Those people don't know what suffering is. Fry asks how we can know our country without knowing any others. I would ask how can the rich and 'successful' know the pain of the 'common people' without, well, you know.

--

Like I said, I read the transcript. It seemed like pablum. I think that if you learned more from listening and having conversations with your friends in college then you didn't learn much
posted by delmoi at 12:57 AM on July 4, 2010


fleacircus: “The parallel would be that you were bundled off against your will to trudge down in the Grand Canyon, in the Lake District, and around the Mountains of Scotland—not allowed to go at your own pace or experience it in your own way, but rather force-marched along on a tight schedule, lectured on what to look at, what to think about while you looked at it, then forced to write papers demonstrating how well you'd processed all that, and those papers were graded and the scores on them affected your life path.”

But that's his whole point – nobody is; nobody's forced to do anything. Once we're adults, we can do anything we want. We don't have to go to the Grand Canyon or read Shakespeare or play dodgeball with anybody. And the fact that we're still stuck in critical modes based on childhood slights is silly.
posted by koeselitz at 1:10 AM on July 4, 2010 [2 favorites]


That was a well spent half-hour. I don't know much about Stephen Fry other than I always enjoy listening to him speak. His closing thoughts on the value of kindness hit the spot, reiterating one of my favorite literary quotes.
Hello, babies. Welcome to Earth. It's hot in the summer and cold in the winter. It's round and wet and crowded. At the outside, babies, you've got about a hundred years here. There's only one rule that I know of, babies — "God damn it, you've got to be kind."
- Kurt Vonnegut, God Bless You, Mr. Rosewater
posted by BoatMeme at 1:12 AM on July 4, 2010 [4 favorites]


But that's his whole point – nobody is; nobody's forced to do anything. Once we're adults, we can do anything we want. We don't have to go to the Grand Canyon or read Shakespeare or play dodgeball with anybody. And the fact that we're still stuck in critical modes based on childhood slights is silly.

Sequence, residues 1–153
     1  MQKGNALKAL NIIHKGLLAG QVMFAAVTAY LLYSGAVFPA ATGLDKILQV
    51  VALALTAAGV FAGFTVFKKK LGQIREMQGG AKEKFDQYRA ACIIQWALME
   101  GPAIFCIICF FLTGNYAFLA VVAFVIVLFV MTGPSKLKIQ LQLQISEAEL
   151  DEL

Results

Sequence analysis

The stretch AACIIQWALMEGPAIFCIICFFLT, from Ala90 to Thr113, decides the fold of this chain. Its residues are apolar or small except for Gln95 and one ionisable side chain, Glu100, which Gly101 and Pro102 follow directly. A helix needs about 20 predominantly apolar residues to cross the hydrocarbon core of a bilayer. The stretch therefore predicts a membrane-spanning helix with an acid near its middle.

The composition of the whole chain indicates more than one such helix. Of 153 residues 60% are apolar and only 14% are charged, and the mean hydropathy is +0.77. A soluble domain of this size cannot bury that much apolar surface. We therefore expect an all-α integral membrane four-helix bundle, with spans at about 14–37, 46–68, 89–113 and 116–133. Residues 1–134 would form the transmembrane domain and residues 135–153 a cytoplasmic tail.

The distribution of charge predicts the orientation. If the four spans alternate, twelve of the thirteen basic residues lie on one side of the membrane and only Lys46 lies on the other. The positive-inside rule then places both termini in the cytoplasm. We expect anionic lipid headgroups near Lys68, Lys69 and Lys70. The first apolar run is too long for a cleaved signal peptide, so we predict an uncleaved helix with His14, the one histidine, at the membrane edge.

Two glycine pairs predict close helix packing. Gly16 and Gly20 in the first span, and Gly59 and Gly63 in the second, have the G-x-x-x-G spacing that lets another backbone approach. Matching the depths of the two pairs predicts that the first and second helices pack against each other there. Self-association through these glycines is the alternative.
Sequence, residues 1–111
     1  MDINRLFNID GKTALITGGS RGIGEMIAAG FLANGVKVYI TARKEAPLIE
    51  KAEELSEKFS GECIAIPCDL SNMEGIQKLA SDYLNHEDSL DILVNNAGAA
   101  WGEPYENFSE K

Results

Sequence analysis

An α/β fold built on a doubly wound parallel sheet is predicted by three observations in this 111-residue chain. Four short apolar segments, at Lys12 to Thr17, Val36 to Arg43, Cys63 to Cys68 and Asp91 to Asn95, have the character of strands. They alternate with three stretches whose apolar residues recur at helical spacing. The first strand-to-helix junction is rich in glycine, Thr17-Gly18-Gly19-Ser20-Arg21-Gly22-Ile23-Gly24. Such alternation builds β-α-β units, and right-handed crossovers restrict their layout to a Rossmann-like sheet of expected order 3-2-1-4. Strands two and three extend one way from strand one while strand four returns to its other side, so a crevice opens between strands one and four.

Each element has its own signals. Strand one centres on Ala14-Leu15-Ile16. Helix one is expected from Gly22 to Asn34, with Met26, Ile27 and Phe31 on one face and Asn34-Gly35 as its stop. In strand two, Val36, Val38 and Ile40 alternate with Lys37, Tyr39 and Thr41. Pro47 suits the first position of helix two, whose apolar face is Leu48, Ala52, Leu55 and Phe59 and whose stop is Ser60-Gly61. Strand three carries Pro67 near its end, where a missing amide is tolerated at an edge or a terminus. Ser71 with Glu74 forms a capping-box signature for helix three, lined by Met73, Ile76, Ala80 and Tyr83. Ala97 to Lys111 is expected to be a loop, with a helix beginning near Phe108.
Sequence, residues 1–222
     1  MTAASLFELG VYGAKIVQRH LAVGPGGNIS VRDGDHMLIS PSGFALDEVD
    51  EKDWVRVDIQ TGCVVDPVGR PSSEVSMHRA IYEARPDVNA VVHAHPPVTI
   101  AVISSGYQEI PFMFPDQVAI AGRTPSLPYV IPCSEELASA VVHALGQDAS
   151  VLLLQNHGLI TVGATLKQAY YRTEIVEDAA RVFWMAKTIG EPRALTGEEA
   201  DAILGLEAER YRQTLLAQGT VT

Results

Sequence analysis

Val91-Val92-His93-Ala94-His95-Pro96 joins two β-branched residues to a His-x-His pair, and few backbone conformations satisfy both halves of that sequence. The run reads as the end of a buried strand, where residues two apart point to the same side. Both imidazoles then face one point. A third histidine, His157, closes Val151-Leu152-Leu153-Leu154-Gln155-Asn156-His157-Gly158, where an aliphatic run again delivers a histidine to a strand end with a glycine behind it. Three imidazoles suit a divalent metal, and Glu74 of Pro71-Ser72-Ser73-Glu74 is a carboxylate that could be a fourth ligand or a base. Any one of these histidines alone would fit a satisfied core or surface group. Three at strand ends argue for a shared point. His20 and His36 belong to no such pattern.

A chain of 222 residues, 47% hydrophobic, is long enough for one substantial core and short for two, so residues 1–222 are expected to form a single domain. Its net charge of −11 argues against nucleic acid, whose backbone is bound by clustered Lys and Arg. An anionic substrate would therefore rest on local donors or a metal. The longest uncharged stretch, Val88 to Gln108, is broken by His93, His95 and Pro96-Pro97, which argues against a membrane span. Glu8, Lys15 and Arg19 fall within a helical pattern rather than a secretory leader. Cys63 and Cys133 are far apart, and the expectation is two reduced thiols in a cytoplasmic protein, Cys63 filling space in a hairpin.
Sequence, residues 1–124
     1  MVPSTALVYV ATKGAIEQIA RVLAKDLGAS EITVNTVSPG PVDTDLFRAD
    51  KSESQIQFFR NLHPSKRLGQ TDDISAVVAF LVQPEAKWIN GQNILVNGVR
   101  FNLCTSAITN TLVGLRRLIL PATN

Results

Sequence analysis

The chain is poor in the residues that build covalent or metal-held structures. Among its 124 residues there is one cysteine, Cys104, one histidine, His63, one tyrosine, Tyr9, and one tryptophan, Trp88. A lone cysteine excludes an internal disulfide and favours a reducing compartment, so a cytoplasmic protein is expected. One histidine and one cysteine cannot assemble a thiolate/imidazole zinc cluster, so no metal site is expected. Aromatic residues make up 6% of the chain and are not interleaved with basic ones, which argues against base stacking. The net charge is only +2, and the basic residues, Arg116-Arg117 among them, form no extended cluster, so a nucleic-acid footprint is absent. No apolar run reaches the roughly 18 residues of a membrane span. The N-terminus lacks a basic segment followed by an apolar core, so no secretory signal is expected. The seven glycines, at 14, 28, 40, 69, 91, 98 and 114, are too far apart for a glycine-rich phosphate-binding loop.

No, you've missed the point. The point is that being forced to do something makes doing it less enjoyable in the future, because it dredges up all the old memories. If you were force marched through the grand canyon as a kid, you probably wouldn't enjoy it as an adult. Fry thinks that's a sign of weakness, and a form of dishonesty.
posted by delmoi at 1:13 AM on July 4, 2010 [2 favorites]


Stephen Fry may seem like he has led some kind of charmed life, but back in 1995, he suffered a severe bout of stage fright which led him to abandon the production he was in three days after it opened, and he spent a long time trying to recover his sense of self and his career after that. He was pretty much a persona non grata in stage and television circles for quite a while. Apparently the incident led him to attempt suicide (which wasn't the first time he'd attempted to kill himself, actually), and it was only through hard work and a lot of grace that he managed to recover his career and standing. He still suffers from it, most recently giving up hosting the BAFTA awards due to his inability to deal with this problem.

Yes, he seems privileged, but between his stage fright (crippling if you make your work by being in front of people), and his battles with manic-depressive disorder, not to mention his years of self-loathing and confusion about his sexuality, I think he has a lot of valuable things to share from his vantage point. And since when is there something wrong with having an elder sit down and share wisdom about what they've learned about life?
posted by hippybear at 1:15 AM on July 4, 2010 [18 favorites]


delmoi: “When did I say I'd never heard of him?”

The fact that you referred to him as "some guy who's basically achieved everything he's wanted" was a strong implication. And really part of what I was getting at was that I meant what I said; I think this video really only works in context, if you have some idea of who he is. If you take it as being just "some guy," then you don't have the background necessary to see where he's coming from.